[Robert's eulogy at his brother, Ebon C. Ingersoll's grave. Even the great orator Robert Ingersoll was choked up with tears at the memory of his beloved brother]The record of a generous life runs like a vine around the memory of our dead, and every sweet, unselfish act is now a perfumed flower.Dear Friends: I am going to do that which the dead oft promised he would do for me.The loved and loving brother, husband, father, friend, died where manhood's morning almost touches noon, and while the shadows still were falling toward the west.He had not passed on life's highway the stone that marks the highest point; but, being weary for a moment, he lay down by the wayside, and, using his burden for a pillow, fell into that dreamless sleep that kisses down his eyelids still. While yet in love with life and raptured with the world, he passed to silence and pathetic dust.Yet, after all, it may be best, just in the happiest, sunniest hour of all the voyage, while eager winds are kissing every sail, to dash against the unseen rock, and in an instant hear the billows roar above a sunken ship. For whether in mid sea or 'mong the breakers of the farther shore, a wreck at last must mark the end of each and all. And every life, no matter if its every hour is rich with love and every moment jeweled with a joy, will, at its close, become a tragedy as sad and deep and dark as can be woven of the warp and woof of mystery and death.This brave and tender man in every storm of life was oak and rock; but in the sunshine he was vine and flower. He was the friend of all heroic souls. He climbed the heights, and left all superstitions far below, while on his forehead fell the golden dawning, of the grander day.He loved the beautiful, and was with color, form, and music touched to tears. He sided with the weak, the poor, and wronged, and lovingly gave alms. With loyal heart and with the purest hands he faithfully discharged all public trusts.He was a worshipper of liberty, a friend of the oppressed. A thousand times I have heard him quote these words: 'For Justice all place a temple, and all season, summer!' He believed that happiness was the only good, reason the only torch, justice the only worship, humanity the only religion, and love the only priest. He added to the sum of human joy; and were every one to whom he did some loving service to bring a blossom to his grave, he would sleep to-night beneath a wilderness of flowers.Life is a narrow vale between the cold and barren peaks of two eternities. We strive in vain to look beyond the heights. We cry aloud, and the only answer is the echo of our wailing cry. From the voiceless lips of the unreplying dead there comes no word; but in the night of death hope sees a star and listening love can hear the rustle of a wing.He who sleeps here, when dying, mistaking the approach of death for the return of health, whispered with his latest breath, 'I am better now.' Let us believe, in spite of doubts and dogmas, of fears and tears, that these dear words are true of all the countless dead.And now, to you, who have been chosen, from among the many men he loved, to do the last sad office for the dead, we give his sacred dust.Speech cannot contain our love. There was, there is, no gentler, stronger, manlier man.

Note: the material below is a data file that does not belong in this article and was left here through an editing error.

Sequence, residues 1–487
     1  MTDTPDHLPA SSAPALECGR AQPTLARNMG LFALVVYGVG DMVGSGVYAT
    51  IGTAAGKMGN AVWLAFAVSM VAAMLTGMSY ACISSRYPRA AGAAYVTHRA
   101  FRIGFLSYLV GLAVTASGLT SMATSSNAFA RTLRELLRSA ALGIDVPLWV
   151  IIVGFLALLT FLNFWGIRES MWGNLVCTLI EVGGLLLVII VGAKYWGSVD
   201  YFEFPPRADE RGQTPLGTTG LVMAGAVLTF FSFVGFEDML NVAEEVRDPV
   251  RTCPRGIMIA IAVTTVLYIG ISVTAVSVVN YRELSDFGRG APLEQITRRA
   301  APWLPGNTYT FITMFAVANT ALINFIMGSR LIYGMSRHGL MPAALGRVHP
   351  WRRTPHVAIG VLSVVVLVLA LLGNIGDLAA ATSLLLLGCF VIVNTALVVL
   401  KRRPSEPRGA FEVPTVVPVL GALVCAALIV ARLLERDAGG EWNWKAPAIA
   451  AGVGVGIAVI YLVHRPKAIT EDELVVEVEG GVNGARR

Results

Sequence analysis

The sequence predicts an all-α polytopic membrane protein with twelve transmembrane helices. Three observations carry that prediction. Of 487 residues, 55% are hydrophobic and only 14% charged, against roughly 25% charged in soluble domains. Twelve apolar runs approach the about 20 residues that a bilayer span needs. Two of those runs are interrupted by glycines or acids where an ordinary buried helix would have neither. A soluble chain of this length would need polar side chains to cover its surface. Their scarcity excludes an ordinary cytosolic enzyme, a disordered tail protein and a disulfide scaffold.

Blue SquillsHow many million Aprils cameBefore I ever knewHow white a cherry bough could be,A bed of squills, how blue!And many a dancing AprilWhen life is done with me,Will lift the blue flame of the flowerAnd the white flame of the tree.Oh burn me with your beauty, then,Oh hurt me, tree and flower,Lest in the end death try to takeEven this glistening hour.O shaken flowers, O shimmering trees,O sunlit white and blue,Wound me, that I, through endless sleep,May bear the scar of you.